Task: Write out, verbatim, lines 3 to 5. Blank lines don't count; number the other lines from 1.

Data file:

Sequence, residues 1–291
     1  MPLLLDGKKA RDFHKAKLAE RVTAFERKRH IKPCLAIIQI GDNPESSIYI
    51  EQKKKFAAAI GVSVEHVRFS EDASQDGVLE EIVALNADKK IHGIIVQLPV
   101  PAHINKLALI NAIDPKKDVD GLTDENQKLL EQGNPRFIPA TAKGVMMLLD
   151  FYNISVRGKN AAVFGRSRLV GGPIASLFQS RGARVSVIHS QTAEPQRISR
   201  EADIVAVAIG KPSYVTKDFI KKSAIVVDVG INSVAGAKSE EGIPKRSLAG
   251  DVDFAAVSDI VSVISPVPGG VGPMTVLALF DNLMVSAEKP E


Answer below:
    51  EQKKKFAAAI GVSVEHVRFS EDASQDGVLE EIVALNADKK IHGIIVQLPV
   101  PAHINKLALI NAIDPKKDVD GLTDENQKLL EQGNPRFIPA TAKGVMMLLD
   151  FYNISVRGKN AAVFGRSRLV GGPIASLFQS RGARVSVIHS QTAEPQRISR